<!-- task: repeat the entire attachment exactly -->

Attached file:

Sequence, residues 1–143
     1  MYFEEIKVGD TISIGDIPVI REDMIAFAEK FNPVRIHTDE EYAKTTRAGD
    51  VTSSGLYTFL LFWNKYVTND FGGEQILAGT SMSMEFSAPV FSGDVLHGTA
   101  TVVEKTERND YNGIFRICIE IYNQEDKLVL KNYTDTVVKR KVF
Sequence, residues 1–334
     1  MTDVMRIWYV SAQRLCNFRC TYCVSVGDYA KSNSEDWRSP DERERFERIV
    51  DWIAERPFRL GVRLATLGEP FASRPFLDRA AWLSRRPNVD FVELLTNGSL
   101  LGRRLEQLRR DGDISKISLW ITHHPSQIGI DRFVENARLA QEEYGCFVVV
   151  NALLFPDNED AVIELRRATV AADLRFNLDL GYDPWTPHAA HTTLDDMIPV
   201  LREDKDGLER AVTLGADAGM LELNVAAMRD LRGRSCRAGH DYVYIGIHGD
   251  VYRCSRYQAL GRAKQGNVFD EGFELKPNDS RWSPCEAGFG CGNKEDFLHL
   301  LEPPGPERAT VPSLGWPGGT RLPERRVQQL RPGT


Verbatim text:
Sequence, residues 1–143
     1  MYFEEIKVGD TISIGDIPVI REDMIAFAEK FNPVRIHTDE EYAKTTRAGD
    51  VTSSGLYTFL LFWNKYVTND FGGEQILAGT SMSMEFSAPV FSGDVLHGTA
   101  TVVEKTERND YNGIFRICIE IYNQEDKLVL KNYTDTVVKR KVF
Sequence, residues 1–334
     1  MTDVMRIWYV SAQRLCNFRC TYCVSVGDYA KSNSEDWRSP DERERFERIV
    51  DWIAERPFRL GVRLATLGEP FASRPFLDRA AWLSRRPNVD FVELLTNGSL
   101  LGRRLEQLRR DGDISKISLW ITHHPSQIGI DRFVENARLA QEEYGCFVVV
   151  NALLFPDNED AVIELRRATV AADLRFNLDL GYDPWTPHAA HTTLDDMIPV
   201  LREDKDGLER AVTLGADAGM LELNVAAMRD LRGRSCRAGH DYVYIGIHGD
   251  VYRCSRYQAL GRAKQGNVFD EGFELKPNDS RWSPCEAGFG CGNKEDFLHL
   301  LEPPGPERAT VPSLGWPGGT RLPERRVQQL RPGT